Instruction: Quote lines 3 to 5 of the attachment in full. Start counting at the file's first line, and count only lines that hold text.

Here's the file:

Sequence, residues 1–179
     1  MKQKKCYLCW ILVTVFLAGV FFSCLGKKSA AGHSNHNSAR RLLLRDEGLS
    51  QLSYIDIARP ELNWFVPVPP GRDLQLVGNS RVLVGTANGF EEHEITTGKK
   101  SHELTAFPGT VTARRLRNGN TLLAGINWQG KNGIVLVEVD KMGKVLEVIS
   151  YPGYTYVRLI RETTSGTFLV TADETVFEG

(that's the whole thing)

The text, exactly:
    51  QLSYIDIARP ELNWFVPVPP GRDLQLVGNS RVLVGTANGF EEHEITTGKK
   101  SHELTAFPGT VTARRLRNGN TLLAGINWQG KNGIVLVEVD KMGKVLEVIS
   151  YPGYTYVRLI RETTSGTFLV TADETVFEG